Why do certain ideas gain currency in economics while others fall by the wayside? Paul Krugman argues that the unwillingness of mainstream economists to think about what they could not formalize led them to ignore ideas that turn out, in retrospect, to have been very good ones.
Krugman examines the course of economic geography and development theory to shed light on the nature of economic inquiry. He traces how development theory lost its initial influence after it became clear that many of the theory's main insights could not be clearly modeled, and concludes with a commentary on areas where further inquiry looks most promising.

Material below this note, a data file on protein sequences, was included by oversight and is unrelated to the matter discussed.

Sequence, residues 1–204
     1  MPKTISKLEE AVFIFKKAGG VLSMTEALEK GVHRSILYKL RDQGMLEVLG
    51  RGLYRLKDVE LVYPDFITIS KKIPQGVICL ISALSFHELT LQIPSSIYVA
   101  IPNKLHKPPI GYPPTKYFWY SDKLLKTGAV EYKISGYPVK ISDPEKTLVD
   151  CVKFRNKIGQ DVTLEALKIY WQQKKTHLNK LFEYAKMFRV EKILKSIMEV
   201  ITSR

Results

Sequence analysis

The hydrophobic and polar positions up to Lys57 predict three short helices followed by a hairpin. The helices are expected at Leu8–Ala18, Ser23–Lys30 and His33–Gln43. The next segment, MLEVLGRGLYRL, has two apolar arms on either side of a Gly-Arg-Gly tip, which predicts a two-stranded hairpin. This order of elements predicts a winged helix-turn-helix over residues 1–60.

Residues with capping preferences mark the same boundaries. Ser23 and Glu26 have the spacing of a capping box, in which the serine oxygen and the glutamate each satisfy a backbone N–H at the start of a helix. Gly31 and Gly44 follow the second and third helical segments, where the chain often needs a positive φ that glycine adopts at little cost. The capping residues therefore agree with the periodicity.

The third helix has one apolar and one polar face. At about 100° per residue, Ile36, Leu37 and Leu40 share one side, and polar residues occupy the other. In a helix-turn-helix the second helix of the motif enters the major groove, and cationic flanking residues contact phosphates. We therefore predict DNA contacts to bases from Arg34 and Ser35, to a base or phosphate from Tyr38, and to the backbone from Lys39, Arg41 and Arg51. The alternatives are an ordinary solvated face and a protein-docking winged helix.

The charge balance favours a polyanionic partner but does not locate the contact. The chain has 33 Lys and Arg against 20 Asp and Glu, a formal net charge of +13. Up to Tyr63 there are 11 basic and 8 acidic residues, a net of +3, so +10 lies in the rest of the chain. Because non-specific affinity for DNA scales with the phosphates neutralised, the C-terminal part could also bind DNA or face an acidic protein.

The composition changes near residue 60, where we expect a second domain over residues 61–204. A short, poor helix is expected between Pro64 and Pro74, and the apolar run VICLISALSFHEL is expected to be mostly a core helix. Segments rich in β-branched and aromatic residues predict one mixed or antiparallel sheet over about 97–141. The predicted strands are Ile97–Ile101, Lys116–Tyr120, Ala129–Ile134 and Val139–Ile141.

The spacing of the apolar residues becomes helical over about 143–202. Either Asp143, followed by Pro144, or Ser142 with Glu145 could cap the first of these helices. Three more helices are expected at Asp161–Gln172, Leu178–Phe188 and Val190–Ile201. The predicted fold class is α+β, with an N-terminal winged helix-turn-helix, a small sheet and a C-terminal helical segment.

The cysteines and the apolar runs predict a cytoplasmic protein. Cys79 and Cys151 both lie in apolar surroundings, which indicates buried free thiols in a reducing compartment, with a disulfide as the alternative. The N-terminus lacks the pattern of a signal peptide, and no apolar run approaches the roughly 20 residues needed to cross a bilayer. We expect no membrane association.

The Ohlin Lectures
About the Author
Paul Krugman is Professor of Economics and International Affairs at Princeton University and a New York Times columnist. He was awarded the Nobel Prize for Economics in 2008.
"A stimulating essay by one of the world's most thoughtful andinnovative economists." —Paul Ormerod, The Times Higher Education Supplement
"This is a book that should be read by all economists." —Roger E. Backhouse, The Economic Journal